Hi guys can someone help me with my hip shift. I’ve tried everything from tibial mobility to hip mobility and releasing my glutes but nothing seems to work. Lifts shown are 60% or less of 1rm.
This could be a result of the camera angle, but it appears that the bar is uneven on your back to begin with.
Looks to me like it’s real - the bar is not parallel to the chin-up bar, nor is it perpendicular to the uprights of the rack.
@busteddog, keep videoing yourself and work on getting used to an even bar placement. You can also do a lot of rear delt and upper back work to try and correct the imbalances in the structure you set the bar on.
Whether or not this is because of the bar placement OP does seem to favour their left leg. Fix bar placement first, and then evaluate if you are favouring either leg.
Personally, I think he favours the right
But that doesn’t really matter because
Is spot on advice imo
Yeah my right leg is actually stronger than rhe left by a fair bit. I have a few videos where the bar is actually centered I’ll post them here.
That’s a good visual. I was looking at the descent, where it appeared to me as if he shifted towards his left foot. Whether that means he’s strongest there and wants to offload his right, or he’s weakest there so he seeks the best leverages with that limb, is beyond my analytical abilities
The bar is still uneven at the top, then levels out through your descent, overcorrecting in the hole to lean the opposite way, before leaning back the original way at the top again. I think if you correct this you should see a difference. Your body will work toward equilibrium if it doesn’t start in equilibrium.
The only other thing I can see is that your right ankle looks to be more mobile than your left, allowing your right knee to travel more forward and load your right leg more.
Can u elaborate more about the right ankle? I really want to know whats wrong with it but cant seem to find out for the longest time
Truthfully, your biggest issue is your bar placement. The ankle issue is a final 5% correction. You’re changing your torso angle throughout your squat as your body tries to balance the force of the uneven bar.
But to fix your ankles, stretch both Achilles’ tendons religiously for awhile and try and get them to even out.
I read it as an inability to access internal rotation on the leg he shifts away from.
Through 60-120° of hip flexion, the hip must internally rotate. If the hip cannot IR effectively, it then moves into horizontal abduction as a compensation. On a global scale, this “pushes” the pelvis over to the other side, producing a hip shift.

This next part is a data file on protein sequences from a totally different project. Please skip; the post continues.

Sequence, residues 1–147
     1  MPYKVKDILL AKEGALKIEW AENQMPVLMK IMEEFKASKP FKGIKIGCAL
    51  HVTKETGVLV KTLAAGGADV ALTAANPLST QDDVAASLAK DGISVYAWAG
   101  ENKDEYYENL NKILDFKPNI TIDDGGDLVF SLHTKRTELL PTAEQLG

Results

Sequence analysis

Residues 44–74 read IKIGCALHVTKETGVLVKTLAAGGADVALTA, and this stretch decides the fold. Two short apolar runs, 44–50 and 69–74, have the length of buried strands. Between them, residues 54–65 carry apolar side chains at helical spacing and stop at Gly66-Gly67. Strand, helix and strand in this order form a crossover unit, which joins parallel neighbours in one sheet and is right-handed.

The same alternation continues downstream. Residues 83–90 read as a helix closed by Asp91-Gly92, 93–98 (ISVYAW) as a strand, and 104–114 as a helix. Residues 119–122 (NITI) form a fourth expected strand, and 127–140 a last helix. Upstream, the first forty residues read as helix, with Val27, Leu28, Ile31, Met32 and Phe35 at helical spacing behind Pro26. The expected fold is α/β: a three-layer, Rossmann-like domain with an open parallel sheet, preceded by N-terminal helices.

@garagerocker13 in my experience, this also explains why the R ankle appears more mobile than the left, and is able to track straight over the toes whilst the L ankle has to evert (meaning the knee tracks outside the toe). A hip that doesn’t IR does not permit its ankle to pronate and dorsiflex.
Thx for the replies. So essentially i need to work on internal hip rotation on my left side right?
Assuming bar placement is not the issue, improving hip IR on the left should help.
This is a good start:
Alright ill give it a shot! Thx alot for all the help!
Another thing I’d suggest, and this alone will not fix your problem but it could help given that the bar placement is getting fixed along with your hip issues.
It’s nothing fancy, but with sitting on the box, you can have more confidence in the descent which can allow more focus on your form, it’ll help you judge if your hips are in the centre, provided you stand equally apart from the box with each foot.
Also, if you have someone you train with or trust enough and trains in your environment, you can have them help you assess if everything is aligned as you descent, sit on the box, and through your ascent. Pausing on the box will also allow you to correct things before ascending if you yourself notice anything feeling off.
Ok ill keep that in mind! Thanks!
By chance you have any shoulder mobility issues?
Nope but my physio told me that my left lat is weaker than the right by quite a bit.
What I would do is a slow, controlled descent, 3-5 seconds, pause at the bottom, record work sets and review between sets to see how it looks vs. how it feels and adjust as necessary.
I had pretty much an identical problem but the reverse. It’s likely a problem with your medial glutes. Check this out: Fixing Hip Shift in the Squat-JTSstrength.com - YouTube